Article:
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Why fantasy gets derided - an answer.

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In reply to an earlier post on 13 Apr 2012 17:32:22 BDT
Jim Webster says:
That might be a model, but also I could envisage 'standalone episodes containing totally different characters which still fit the background and the background arc.
In fact people could happily read any of the books and never even know there was a 'background arc'

In reply to an earlier post on 13 Apr 2012 17:35:04 BDT
J.Yasimoto says:
Does this mean you've not read Magician by Feist? I'd start with this one. No need to, but it's set in the same universe. I guess you could call it a prequel of sorts. (Along with Silverthorn and Darkness at Sethanon).

In reply to an earlier post on 13 Apr 2012 18:20:16 BDT
What's wrong with Buffy (yes the first season was quite monster of the week, but IMO it's one of the all time greats taken as a whole, and Angel's good too)? And I always viewed it as more about the horror than the fantasy. Of course it's horror fantasy rather than just horror, but I don't think the reason people stay away from the fantasy genre is Buffy.

In reply to an earlier post on 13 Apr 2012 18:35:54 BDT
Jim Webster says:
I've never seen a full episode of Buffy. I did see part of an episode when I dropped round to collect a mate, and when I started giggling at the fight scenes his girl friend chased us both out.

In reply to an earlier post on 13 Apr 2012 18:43:03 BDT
Garscadden says:
I have to admit... I liked it.

In reply to an earlier post on 13 Apr 2012 18:55:41 BDT
Jim Webster says:
A lot of people do, so I'm not knocking it. It's just that I couldn't cope with the fight scenes which aren't the writers fault

In reply to an earlier post on 13 Apr 2012 19:18:34 BDT
I'm not trying to push you into it or anything, but it might be worth giving it another try. Look for a list of the Joss Whedon written and/or directed episodes and try some of those, or maybe try season 2 or 3?

Posted on 13 Apr 2012 19:25:20 BDT
Jim Webster says:
My daughter has a lot of them on video, she enjoyed them, but I've not watched television for over four years now, and I'm not in a rush to start.

Posted on 13 Apr 2012 20:45:28 BDT
I'm never allowed near the TV anymore, as the girls just want to watch the soaps...

In reply to an earlier post on 14 Apr 2012 07:36:42 BDT
Isobel Ayres says:
It's been on my wishlist, but I haven't gotten around to it yet (partly because it's not on Kindle and I am seriously running out of room for real books). I'll move it up the list a bit, I think.

In reply to an earlier post on 14 Apr 2012 09:16:02 BDT
Jim Webster says:
From memory there are at least two versions of Magician going about, one that the publishers put out initially (which I have and enjoyed), the other was published later when the books were a success and it apparently contains all the stuff the publishers edited out of the original version. To quote from the wiki
Magician is now published in two volumes in the USA: Magician: Apprentice (ISBN 0-553-56494-3) and Magician: Master (ISBN 0-553-56493-5). The book is still published as a single volume, Magician (ISBN 0-586-21783-5), in the UK.

In reply to an earlier post on 14 Apr 2012 11:53:16 BDT
Ah, Isobel.

So little time, so many, many books...

In reply to an earlier post on 15 Apr 2012 14:46:36 BDT
Jim Webster says:
my thoughts exactly, to little time to waste reading books that are 'worthy' but you don't enjoy

Posted on 16 Apr 2012 21:20:23 BDT
Fantasy-Fan says:
Re Magician - I am a massive fan of Raymond Feists early works, and own both the original version and the special edition. I have read and re-read both versions multiple times, and I would definitely recommend the original version: Magician (Riftwar Saga). I would say the special edition is strictly for rabid fans such as myself. :o)

Re Daughter of the Empire - It's set in an oriental culture, and the names (e.g. Hokanu, Arakasi) are meant to sound exotic to people from Midkemia (where "Magician" is set). Whereas in Magician, most of the names are either ordinary names (Martin, Roland, Jimmy) or slight corruptions of ordinary names (Caroline>Carline, Arthur>Arutha).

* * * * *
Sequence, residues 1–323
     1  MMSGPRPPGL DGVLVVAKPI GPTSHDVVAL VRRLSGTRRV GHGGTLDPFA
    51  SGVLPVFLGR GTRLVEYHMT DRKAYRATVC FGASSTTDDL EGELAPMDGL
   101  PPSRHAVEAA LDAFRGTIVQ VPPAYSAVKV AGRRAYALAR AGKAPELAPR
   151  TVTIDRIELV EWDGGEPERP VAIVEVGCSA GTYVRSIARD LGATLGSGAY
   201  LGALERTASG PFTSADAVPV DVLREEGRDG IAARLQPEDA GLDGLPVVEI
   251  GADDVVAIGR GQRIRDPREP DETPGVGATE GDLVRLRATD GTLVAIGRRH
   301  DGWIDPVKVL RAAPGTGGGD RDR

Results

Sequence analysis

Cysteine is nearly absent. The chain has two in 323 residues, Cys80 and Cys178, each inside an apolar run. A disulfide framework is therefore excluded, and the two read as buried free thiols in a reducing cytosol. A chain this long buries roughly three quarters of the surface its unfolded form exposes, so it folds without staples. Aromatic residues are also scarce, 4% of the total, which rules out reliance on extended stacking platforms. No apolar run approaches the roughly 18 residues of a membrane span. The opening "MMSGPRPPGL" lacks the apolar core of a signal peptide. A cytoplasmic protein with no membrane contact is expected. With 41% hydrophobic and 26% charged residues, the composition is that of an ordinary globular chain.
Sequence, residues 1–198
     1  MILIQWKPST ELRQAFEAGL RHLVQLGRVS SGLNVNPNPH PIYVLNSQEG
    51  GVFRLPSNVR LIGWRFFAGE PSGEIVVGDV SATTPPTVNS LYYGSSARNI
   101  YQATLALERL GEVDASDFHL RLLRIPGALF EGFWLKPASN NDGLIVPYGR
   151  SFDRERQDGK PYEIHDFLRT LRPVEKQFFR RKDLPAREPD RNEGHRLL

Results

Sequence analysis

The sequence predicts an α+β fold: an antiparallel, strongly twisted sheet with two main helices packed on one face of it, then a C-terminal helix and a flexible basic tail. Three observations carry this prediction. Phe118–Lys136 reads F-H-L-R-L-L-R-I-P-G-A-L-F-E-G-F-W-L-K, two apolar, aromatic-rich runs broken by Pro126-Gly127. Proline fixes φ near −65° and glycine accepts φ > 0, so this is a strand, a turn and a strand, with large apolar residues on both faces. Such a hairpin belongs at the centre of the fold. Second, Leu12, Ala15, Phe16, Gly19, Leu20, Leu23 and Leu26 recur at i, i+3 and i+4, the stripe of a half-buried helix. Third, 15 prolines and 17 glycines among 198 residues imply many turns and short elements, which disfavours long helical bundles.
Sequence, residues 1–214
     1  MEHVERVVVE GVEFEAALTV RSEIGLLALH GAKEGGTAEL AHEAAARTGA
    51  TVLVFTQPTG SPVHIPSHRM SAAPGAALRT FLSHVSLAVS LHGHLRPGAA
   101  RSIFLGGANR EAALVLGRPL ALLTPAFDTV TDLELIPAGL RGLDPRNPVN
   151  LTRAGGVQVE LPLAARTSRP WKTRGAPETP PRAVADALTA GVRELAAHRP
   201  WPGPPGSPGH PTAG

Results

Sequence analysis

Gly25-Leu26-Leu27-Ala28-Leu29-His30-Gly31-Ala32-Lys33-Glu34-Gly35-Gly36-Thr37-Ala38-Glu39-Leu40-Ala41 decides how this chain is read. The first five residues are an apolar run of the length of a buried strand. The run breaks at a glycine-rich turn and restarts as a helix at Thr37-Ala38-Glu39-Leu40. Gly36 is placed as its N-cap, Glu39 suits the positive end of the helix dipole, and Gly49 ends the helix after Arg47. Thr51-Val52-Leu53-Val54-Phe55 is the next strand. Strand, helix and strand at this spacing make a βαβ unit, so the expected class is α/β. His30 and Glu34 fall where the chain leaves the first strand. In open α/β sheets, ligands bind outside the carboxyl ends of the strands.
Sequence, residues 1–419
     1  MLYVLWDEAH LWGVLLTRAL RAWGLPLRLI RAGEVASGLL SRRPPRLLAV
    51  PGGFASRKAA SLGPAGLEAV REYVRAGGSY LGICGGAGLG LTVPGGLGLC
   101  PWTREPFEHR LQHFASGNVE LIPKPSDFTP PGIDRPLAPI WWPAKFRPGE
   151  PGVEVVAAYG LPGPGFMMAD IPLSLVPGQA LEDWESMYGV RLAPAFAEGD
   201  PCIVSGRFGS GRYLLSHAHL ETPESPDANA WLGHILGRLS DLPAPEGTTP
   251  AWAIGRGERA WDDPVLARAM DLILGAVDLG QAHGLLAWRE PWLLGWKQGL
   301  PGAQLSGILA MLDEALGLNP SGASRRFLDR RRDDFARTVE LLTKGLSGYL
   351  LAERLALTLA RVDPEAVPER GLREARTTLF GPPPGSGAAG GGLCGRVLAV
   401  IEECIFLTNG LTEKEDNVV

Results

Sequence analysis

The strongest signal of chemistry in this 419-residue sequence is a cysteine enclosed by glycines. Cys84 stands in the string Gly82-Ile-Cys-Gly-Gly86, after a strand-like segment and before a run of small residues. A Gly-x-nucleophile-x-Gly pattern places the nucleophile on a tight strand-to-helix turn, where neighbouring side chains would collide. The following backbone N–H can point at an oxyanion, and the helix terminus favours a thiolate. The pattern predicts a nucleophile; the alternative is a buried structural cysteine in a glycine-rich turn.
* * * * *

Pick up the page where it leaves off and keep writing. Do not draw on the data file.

In reply to an earlier post on 16 Apr 2012 21:49:42 BDT
Jim Webster says:
Is the special edition Magician 'any good' (silly question I know), was his editor right to cut out the bits that were cut out?

Posted on 16 Apr 2012 22:40:52 BDT
Last edited by the author on 16 Apr 2012 22:44:34 BDT
Hmm... from this I can see that I don't read enough fantasy. I think Jim got it bang on the money back there.

The truth is, I don't enjoy medieval settings so much and I find pointlessly complicated names a bit irritating. Some fantasy does take itself very, very seriously just as some literary fiction does and that sort of pretention never appeals to me and puts me off a lot of other works I would probably enjoy. I haven't read Game of Thrones, cf my earlier comment about the Medieval vibe. It doesn't appeal. Maybe fantasy has victorian arts and craft roots... perhaps that explains the medievalism. Or maybe to write about elves and orcs and stuff fantasy writers have to accept certain things as 'fact' because so many other writers have.

I mean in a way could it not be argued that fantasy writers are all churning out the same old stuff? At least by somebody who was disinclined to like that kind of thing, anyway?

I love Adams, Pratchett and am enjoying Holt and Rankin... quite like Fforde although he's a bit intimidatingly intelligent and I tend to realise the huge gaps in my reading. I loved the Lord of the Rings when I was 14 and my parents read me all the C S Lewis books...

But these days I'm beginning to wonder, if I'm actually more of a comedy than fantasy fan. I certainly haven't read around my genre the way I'm supposed to. Then again, that may be why I prefer a concurrent or more technologically advanced fantasy world so I did quite like Buffy but Sliders was just irritating because the TV show went on after the plot wanted to end.

Also I am reading some of your posts on this page and it sounds very technical, like collectors talking about waves of StarWars figures... so perhaps you do have to be a geek or geekishly inclined to like this stuff.

On the big book front, surely that's just worldbuilding and character range. So, you have to splice explanations into the narrative and that's going to give you a lot more verbiage per book. But don't listen to me, I'm writing the third book in a trilogy and it's probably going to be a doorstop because I've got so many characters involved by this time that it'll take 50k words to tie up the loose ends... and it's funny... and I'm a woman... and as far as writing fantasy goes that really couldn't be much more wrong.

Sorry this isn't a very well thought out post - bed beckons - but I hope I've got the gist of my ideas over without just blundering in and being really annoying.



In reply to an earlier post on 16 Apr 2012 22:51:38 BDT
Last edited by the author on 16 Apr 2012 22:56:11 BDT